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SIOUX FALLS, S.D. (AP) — Research at public universities in South Dakota is being squeezed by a drop-off in federal funding.
The number of people at South Dakota State University paid through research grants and contracts has dropped from about 1,500 in 2012 to about 1,000 this year, due to an end to federal stimulus funding coupled with federal budget cuts. At the University of South Dakota, the number has dropped from about 600 to about 450. Those people primarily are graduate and post-graduate students and assistants, along with support staff.
"What that means is, we have less research productivity," Mary Berry, vice president for research at USD, told the Argus Leader newspaper (http://argusne.ws/1xtGVs9 ). "You have fewer people involved in research, fewer students that we are able to have in our programs and thus fewer graduate students who are educated."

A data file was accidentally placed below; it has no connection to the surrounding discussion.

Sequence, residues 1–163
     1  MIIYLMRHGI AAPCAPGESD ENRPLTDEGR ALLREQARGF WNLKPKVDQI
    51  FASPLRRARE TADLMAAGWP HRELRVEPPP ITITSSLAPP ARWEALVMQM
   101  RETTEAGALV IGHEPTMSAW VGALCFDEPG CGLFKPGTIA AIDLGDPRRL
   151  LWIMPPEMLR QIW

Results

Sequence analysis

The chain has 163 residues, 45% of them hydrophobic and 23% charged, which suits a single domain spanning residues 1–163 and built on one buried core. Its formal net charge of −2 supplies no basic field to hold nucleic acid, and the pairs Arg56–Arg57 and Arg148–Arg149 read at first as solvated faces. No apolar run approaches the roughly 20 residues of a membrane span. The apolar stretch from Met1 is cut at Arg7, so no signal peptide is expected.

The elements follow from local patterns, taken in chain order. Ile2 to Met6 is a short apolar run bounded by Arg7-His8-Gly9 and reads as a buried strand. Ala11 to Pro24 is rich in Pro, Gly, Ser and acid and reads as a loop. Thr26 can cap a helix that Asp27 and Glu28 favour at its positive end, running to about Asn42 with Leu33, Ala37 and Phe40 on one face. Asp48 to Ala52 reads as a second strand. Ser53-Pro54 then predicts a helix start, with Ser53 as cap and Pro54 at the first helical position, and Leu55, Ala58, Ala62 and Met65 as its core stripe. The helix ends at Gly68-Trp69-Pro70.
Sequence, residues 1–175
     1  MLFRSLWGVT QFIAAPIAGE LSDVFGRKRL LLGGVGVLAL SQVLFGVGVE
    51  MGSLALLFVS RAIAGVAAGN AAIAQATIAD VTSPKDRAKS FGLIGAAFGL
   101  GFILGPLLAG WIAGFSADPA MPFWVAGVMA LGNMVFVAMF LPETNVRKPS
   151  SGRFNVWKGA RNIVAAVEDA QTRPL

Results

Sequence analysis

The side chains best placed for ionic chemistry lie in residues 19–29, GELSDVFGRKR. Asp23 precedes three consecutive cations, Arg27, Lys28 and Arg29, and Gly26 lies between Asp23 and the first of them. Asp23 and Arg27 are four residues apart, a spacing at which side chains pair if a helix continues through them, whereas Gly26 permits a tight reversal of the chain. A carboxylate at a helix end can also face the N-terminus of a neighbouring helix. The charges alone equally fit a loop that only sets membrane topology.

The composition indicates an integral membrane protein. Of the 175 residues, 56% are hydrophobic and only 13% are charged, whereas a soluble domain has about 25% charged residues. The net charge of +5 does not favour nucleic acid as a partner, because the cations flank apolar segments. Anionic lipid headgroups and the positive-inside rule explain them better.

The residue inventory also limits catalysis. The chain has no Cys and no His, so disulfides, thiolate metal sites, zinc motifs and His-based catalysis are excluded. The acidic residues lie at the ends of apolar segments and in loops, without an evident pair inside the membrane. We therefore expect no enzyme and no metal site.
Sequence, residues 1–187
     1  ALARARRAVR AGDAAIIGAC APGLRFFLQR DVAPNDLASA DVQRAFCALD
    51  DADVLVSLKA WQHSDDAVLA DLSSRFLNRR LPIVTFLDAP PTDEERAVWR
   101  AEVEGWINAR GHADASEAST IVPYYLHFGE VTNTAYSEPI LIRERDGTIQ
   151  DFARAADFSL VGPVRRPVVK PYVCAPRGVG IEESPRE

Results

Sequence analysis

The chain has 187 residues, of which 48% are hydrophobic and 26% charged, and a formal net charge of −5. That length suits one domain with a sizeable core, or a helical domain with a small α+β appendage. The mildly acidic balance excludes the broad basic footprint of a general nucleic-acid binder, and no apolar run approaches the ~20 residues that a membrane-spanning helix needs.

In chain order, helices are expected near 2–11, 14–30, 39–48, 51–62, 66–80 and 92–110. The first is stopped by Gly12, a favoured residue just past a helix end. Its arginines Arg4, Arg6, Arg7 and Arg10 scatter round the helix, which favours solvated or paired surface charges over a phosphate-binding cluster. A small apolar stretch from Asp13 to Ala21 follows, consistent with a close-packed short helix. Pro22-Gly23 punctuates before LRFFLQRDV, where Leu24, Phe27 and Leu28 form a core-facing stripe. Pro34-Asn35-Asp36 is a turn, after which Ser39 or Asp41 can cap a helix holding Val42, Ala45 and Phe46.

The fear is that the funding environment will quash passion for research and send would-be scientists down other career paths. However, South Dakota is better off than some other states, where research facilities built in recent years on college campuses now sit unused.
"Those are the realities in many places that have overbuilt," said Kevin Kephart, vice president for research at SDSU. "We're fortunate; that's not an issue here."
Some universities are looking at public-private partnerships as an alternative. Campuses are getting more aggressive in pursuing fee-for-service-based activity that ultimately can help industries with challenges they might be facing, according to Paul Turman, vice president of academic affairs for the state Board of Regents.
"Federal funding agencies want to see that — want to see what can be done at the end of the road with research activity," he said.
Universities also are narrowing the focus of research.
"The discussion at our institution is, 'What do we do to become more competitive?' " Kephart said. "You don't do that by saying we're going to be competitive in each and every discipline everywhere."
Information from: Argus Leader, http://www.argusleader.com
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